Does Employment Protection Inhibit Labor Market Flexibility? Lessons from Germany, France, and Belgium
In: Social Protection Versus Economic Flexibility: Is There a Trade-off?
Laws in most West European countries give workers strong job rights, including the right to advance notice of layoff and the right to severance pay or other compensation if laid off. Many of these same countries also encourage hours adjustment in lieu of layoffs by providing prorated unemployment compensation to workers on reduced hours. This paper compares the adjustment of manufacturing employment and hours in West Germany, France and Belgium, three countries with strong job security regulations and well-established short-time compensation systems, with that in the United States. Although the adjustment of employment to changes in output is much slower in the German, French and Belgian manufacturing sectors than in U.S. manufacturing, the adjustment of total hours worked is much more similar. The short-time system makes a significant contribution to observed adjustment in all three European countries. In addition, we find little evidence that the weakening of job security regulations that occurred in Germany, France and Belgium during the 1980s affected employers' adjustment to changes in output. These findings suggest that, given appropriate supporting institutions, strong job security need not inhibit employer adjustment to changing conditions.
(This abstract was borrowed from another version of this item.)
To our knowledge, this item is not available for
download. To find whether it is available, there are three
1. Check below under "Related research" whether another version of this item is available online.
2. Check on the provider's web page whether it is in fact available.
3. Perform a search for a similarly titled item that would be available.
|This chapter was published in: Rebecca M. Blank (ed.) Social Protection Versus Economic Flexibility: Is There a Trade-off?, University of Chicago Press, pages 59-93, 1994.|
|This item is provided by W.E. Upjohn Institute for Employment Research in its series Book chapters authored by Upjohn Institute researchers with number snhkga1994.|
|Contact details of provider:|| Postal: 300 S. Westnedge Ave. Kalamazoo, MI 49007 USA|
Web page: http://www.upjohn.org
Please report citation or reference errors to , or , if you are the registered author of the cited work, log in to your RePEc Author Service profile, click on "citations" and make appropriate adjustments.:
- Hamermesh, Daniel S, 1989.
"Labor Demand and the Structure of Adjustment Costs,"
American Economic Review,
American Economic Association, vol. 79(4), pages 674-689, September.
- Daniel S. Hamermesh, 1988. "Labor Demand and the Structure of Adjustment Costs," NBER Working Papers 2572, National Bureau of Economic Research, Inc.
- Katharine G. Abraham & Susan N. Houseman, 1993. "Job Security in America: Lessons from Germany," Books from Upjohn Press, W.E. Upjohn Institute for Employment Research, number kagsnh1993.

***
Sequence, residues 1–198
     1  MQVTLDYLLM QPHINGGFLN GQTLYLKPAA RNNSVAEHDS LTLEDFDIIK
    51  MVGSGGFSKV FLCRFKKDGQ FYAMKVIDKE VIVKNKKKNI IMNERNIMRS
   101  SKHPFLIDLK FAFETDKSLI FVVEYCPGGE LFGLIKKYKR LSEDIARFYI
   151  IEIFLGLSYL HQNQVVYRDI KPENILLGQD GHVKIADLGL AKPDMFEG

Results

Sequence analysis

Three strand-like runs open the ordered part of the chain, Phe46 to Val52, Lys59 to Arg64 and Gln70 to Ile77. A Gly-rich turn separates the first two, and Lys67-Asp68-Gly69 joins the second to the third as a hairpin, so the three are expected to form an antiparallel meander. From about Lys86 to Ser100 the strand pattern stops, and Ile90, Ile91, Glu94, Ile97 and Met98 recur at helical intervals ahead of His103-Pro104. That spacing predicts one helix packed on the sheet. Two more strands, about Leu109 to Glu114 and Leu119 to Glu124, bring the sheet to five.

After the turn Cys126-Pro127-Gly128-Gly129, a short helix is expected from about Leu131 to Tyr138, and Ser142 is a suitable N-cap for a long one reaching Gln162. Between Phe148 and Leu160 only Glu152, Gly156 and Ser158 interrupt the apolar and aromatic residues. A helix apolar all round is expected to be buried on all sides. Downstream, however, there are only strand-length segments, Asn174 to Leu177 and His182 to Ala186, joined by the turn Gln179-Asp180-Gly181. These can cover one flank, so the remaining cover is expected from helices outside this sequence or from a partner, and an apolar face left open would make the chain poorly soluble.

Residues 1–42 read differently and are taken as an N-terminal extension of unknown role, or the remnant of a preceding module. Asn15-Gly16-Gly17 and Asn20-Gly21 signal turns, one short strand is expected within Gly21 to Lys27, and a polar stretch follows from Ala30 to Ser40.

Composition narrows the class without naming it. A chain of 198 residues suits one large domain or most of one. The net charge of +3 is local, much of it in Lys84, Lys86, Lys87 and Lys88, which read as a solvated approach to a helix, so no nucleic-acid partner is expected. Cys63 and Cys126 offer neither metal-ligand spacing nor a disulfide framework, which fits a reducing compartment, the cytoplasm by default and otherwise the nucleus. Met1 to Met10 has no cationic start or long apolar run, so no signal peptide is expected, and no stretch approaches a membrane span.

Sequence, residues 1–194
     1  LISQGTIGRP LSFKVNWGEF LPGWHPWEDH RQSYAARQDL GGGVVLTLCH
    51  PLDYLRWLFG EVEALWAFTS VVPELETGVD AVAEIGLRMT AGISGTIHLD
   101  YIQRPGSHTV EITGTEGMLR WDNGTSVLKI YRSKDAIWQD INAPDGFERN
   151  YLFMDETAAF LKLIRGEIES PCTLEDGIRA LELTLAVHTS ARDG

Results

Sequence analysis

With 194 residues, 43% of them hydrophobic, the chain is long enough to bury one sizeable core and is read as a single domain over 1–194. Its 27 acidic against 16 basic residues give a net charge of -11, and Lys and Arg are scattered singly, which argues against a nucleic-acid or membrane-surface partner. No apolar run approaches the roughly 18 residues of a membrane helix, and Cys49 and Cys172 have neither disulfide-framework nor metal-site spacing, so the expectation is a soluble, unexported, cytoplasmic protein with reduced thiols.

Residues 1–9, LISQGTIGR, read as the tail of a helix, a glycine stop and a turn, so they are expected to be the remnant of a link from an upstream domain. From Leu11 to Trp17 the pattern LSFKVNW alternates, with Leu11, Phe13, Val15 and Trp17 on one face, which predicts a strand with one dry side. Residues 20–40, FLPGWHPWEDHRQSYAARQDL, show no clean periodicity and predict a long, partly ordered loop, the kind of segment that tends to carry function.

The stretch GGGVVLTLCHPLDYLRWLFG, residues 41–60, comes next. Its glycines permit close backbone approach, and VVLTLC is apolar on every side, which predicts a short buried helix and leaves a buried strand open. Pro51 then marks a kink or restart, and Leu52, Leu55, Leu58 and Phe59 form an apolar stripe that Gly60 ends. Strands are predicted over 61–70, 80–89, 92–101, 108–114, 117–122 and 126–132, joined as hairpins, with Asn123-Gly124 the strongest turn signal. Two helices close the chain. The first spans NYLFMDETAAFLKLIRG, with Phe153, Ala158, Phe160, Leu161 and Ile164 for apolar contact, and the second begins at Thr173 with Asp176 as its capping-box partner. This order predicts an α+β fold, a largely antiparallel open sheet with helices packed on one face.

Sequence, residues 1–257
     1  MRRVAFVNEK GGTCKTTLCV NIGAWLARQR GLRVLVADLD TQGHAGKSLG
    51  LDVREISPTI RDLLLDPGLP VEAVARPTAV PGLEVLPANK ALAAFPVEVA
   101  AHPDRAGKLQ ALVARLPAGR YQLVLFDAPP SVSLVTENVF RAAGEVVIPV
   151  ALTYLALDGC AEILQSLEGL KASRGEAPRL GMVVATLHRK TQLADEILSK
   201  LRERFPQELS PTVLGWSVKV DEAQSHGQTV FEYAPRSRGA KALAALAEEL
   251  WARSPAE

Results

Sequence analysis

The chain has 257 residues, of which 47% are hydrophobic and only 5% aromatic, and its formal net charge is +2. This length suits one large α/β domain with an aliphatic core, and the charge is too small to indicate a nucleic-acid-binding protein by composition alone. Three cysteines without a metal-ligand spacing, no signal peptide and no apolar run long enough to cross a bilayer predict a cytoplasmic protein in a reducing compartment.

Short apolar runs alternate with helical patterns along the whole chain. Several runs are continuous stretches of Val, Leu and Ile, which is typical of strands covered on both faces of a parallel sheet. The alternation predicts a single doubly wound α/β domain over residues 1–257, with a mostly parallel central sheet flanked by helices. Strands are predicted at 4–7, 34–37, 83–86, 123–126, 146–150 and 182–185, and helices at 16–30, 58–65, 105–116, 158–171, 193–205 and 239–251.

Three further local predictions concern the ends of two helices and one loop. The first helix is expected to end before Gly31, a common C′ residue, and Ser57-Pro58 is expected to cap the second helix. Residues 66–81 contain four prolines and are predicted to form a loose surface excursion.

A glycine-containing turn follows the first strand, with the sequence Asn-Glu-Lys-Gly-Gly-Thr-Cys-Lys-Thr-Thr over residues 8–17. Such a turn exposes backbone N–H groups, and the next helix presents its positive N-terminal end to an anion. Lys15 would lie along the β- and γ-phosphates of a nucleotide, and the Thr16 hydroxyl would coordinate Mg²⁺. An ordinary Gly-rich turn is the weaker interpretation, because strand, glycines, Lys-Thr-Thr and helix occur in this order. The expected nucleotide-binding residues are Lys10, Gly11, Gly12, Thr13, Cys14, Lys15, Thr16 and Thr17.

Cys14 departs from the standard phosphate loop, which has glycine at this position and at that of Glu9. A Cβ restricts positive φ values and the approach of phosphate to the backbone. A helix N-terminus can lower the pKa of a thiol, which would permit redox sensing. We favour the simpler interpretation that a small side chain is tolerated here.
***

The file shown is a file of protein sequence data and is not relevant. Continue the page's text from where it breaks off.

- Burdett, Kenneth & Wright, Randall, 1989. "Unemployment Insurance and Short-Time Compensation: The Effects on Layoffs, Hours per Worker, and Wages," Journal of Political Economy, University of Chicago Press, vol. 97(6), pages 1479-1496, December.
- Patricia M. Anderson, 1993. "Linear Adjustment Costs and Seasonal Labor Demand: Evidence from Retail Trade Firms," The Quarterly Journal of Economics, Oxford University Press, vol. 108(4), pages 1015-1042.
- Soltwedel, Rudiger, 1988. "Employment problems in West Germany - the role of institutions, labor law, and government intervention," Carnegie-Rochester Conference Series on Public Policy, Elsevier, vol. 28(1), pages 153-219, January. Full references (including those not matched with items on IDEAS)
When requesting a correction, please mention this item's handle: RePEc:upj:uchaps:snhkga1994. See general information about how to correct material in RePEc.
For technical questions regarding this item, or to correct its authors, title, abstract, bibliographic or download information, contact: ()
If you have authored this item and are not yet registered with RePEc, we encourage you to do it here. This allows to link your profile to this item. It also allows you to accept potential citations to this item that we are uncertain about.
If references are entirely missing, you can add them using this form.
If the full references list an item that is present in RePEc, but the system did not link to it, you can help with this form.
If you know of missing items citing this one, you can help us creating those links by adding the relevant references in the same way as above, for each refering item. If you are a registered author of this item, you may also want to check the "citations" tab in your profile, as there may be some citations waiting for confirmation.
Please note that corrections may take a couple of weeks to filter through the various RePEc services.